You want your community members to feel that they are in fact, part of a community. Show them that it’s true.

2) Help Solve Problems

We all know how frustrating being stuck on something can be. Maybe you have even found yourself visiting a forum in the past to search for some obscure information that you had a question about. Forums are usually the place to find answers like that.

When someone becomes a member of your community to ask a question, make sure that the answers come quickly. If your forum has a long list of members, you’ll likely get some help in this department. But if your forum is new, you need to be quick to jump in with a solution. Offer value and insight (and be friendly) right from the beginning and you set the tone for the relationship.

3) Handle Moderation Fairly, But Firmly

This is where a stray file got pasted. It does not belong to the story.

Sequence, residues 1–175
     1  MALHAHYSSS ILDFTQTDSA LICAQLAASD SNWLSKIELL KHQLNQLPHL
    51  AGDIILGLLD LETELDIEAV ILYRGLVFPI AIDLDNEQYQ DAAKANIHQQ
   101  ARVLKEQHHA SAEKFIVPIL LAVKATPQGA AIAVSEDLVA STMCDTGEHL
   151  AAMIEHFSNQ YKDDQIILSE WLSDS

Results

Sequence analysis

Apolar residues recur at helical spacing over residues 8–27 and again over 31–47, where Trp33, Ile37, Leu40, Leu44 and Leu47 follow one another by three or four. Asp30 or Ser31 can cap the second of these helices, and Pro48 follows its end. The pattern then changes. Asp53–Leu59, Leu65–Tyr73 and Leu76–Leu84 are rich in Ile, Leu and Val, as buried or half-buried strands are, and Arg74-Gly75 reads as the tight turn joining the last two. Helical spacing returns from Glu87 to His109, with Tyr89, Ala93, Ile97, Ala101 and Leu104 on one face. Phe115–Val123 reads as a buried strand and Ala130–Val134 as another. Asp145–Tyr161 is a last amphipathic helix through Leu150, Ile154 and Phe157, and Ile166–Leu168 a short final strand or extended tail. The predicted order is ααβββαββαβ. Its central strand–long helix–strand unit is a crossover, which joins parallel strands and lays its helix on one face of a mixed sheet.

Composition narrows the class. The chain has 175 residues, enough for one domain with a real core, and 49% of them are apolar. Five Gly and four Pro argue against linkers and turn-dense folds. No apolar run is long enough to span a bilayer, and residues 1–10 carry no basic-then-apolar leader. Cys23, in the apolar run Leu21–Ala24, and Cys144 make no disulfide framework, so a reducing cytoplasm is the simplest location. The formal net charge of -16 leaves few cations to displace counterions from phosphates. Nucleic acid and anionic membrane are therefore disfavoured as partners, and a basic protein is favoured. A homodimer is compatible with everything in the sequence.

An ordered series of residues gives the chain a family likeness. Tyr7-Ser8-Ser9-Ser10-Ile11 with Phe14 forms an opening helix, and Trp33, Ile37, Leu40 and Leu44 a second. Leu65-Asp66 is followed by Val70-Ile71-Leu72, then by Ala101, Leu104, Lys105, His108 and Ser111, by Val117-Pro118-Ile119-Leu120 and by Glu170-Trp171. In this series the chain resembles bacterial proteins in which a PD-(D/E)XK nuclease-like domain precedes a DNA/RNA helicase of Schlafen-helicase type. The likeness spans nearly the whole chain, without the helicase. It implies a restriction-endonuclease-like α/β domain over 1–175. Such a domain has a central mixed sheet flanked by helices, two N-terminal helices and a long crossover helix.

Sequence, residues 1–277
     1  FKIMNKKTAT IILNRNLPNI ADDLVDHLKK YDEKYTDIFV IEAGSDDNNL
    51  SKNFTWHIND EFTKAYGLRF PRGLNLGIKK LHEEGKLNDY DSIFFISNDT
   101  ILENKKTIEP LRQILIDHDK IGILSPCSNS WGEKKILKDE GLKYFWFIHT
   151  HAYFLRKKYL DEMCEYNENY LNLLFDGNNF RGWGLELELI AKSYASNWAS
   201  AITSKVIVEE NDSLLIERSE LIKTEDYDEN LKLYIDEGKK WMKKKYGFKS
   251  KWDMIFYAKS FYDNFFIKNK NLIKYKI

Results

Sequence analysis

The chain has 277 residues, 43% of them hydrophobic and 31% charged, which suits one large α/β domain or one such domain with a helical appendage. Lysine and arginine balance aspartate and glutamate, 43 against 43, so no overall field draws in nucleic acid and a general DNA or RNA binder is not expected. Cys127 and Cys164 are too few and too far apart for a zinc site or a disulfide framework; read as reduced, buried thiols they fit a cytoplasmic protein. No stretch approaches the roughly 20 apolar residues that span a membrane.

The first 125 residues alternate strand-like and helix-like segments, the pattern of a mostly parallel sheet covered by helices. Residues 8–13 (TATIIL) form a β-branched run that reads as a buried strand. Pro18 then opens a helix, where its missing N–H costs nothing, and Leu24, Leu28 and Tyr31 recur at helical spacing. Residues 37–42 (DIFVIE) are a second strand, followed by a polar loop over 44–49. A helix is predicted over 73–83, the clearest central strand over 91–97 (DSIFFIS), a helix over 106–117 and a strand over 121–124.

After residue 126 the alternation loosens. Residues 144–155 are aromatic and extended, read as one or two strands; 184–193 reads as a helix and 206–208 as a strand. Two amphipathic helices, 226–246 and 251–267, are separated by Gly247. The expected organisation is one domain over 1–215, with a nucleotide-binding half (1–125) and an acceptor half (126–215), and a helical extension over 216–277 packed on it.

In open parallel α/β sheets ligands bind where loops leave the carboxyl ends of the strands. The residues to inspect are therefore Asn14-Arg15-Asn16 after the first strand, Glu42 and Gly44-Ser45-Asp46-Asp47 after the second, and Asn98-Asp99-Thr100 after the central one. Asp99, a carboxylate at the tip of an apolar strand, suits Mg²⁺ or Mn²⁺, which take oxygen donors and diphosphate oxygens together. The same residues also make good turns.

A big part of managing a community or forum is moderating the discussions and posts that appear on the site. You have to be vigilante with defending your community from spam and scammers, but you also don’t want to take a heavy hand when informing people of the rules. Without a doubt you need to have developed policies and rules, but people do skim over these. Chances are you’ll have to remind people from time to time. The key is how you handle these situations when they arise.

Always be polite and friendly, but firm in your stance. Set the rules of the community, and make sure they are followed. The reason for this is to maintain the atmosphere of your community. If you allow it to go too many places at once, you’ll likely alienate the people that were drawn to your forum in the first place.

Want to build your own community? Create your own forum and get personalized help setting up your site.